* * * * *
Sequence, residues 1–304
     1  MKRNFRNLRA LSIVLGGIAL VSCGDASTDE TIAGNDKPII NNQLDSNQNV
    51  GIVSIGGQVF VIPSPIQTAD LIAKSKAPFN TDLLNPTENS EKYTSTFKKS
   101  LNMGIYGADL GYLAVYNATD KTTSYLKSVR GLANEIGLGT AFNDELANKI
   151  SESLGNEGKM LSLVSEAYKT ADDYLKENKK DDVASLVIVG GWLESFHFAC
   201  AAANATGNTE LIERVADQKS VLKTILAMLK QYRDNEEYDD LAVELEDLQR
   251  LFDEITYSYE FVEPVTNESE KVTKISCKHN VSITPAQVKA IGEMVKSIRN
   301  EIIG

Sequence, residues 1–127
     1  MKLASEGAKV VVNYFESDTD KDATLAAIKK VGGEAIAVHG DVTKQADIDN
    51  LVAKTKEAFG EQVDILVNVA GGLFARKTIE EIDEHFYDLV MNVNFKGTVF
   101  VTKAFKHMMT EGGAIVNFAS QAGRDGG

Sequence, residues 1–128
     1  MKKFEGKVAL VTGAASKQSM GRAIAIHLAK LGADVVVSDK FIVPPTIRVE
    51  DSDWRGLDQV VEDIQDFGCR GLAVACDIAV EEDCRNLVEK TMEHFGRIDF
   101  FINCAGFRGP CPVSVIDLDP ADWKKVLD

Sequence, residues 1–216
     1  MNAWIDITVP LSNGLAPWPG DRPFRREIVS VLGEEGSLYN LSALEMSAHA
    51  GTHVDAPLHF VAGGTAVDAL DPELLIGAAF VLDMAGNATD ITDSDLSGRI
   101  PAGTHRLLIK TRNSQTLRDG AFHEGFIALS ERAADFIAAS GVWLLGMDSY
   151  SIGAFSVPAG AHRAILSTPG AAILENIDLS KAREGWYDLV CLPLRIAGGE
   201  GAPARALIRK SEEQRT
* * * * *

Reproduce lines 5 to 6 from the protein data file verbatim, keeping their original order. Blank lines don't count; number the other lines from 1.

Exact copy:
   151  SESLGNEGKM LSLVSEAYKT ADDYLKENKK DDVASLVIVG GWLESFHFAC
   201  AAANATGNTE LIERVADQKS VLKTILAMLK QYRDNEEYDD LAVELEDLQR